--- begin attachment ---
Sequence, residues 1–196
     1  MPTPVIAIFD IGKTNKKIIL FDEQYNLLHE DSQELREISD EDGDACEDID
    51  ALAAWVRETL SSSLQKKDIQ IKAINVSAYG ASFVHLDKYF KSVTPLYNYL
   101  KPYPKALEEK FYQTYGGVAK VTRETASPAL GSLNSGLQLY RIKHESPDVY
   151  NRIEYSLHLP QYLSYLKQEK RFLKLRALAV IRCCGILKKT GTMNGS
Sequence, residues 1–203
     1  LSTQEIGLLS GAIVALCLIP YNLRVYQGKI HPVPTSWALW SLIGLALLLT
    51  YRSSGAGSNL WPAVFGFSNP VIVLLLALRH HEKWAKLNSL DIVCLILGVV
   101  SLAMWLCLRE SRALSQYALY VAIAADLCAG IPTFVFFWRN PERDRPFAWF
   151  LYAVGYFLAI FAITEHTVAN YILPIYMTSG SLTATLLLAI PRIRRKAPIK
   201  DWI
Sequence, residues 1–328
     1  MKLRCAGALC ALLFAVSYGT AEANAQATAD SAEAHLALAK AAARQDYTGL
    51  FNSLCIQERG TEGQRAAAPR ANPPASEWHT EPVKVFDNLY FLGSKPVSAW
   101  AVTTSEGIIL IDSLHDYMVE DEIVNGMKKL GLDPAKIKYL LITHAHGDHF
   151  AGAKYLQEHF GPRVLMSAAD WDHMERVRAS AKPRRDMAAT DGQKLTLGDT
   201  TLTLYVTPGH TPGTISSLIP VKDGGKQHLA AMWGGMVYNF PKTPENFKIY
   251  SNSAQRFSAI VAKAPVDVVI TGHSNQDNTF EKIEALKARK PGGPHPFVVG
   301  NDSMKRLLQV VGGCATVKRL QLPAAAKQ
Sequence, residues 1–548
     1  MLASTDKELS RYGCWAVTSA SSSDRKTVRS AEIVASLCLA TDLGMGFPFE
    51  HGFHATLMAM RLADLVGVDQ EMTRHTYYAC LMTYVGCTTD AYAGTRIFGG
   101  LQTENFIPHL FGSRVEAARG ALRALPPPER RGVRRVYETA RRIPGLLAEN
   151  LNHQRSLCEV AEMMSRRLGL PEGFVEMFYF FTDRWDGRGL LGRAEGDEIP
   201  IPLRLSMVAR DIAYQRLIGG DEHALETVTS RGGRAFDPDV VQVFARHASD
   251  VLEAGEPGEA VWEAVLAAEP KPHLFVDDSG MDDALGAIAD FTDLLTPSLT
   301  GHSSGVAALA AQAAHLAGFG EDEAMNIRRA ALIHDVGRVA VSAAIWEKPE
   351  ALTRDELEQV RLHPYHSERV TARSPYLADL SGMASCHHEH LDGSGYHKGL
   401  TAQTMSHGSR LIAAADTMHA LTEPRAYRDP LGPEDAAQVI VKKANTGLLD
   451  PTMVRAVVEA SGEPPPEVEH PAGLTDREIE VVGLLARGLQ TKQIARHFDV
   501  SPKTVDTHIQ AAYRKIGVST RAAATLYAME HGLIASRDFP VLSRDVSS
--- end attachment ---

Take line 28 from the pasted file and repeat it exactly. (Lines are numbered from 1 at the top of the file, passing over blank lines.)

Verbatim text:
   351  ALTRDELEQV RLHPYHSERV TARSPYLADL SGMASCHHEH LDGSGYHKGL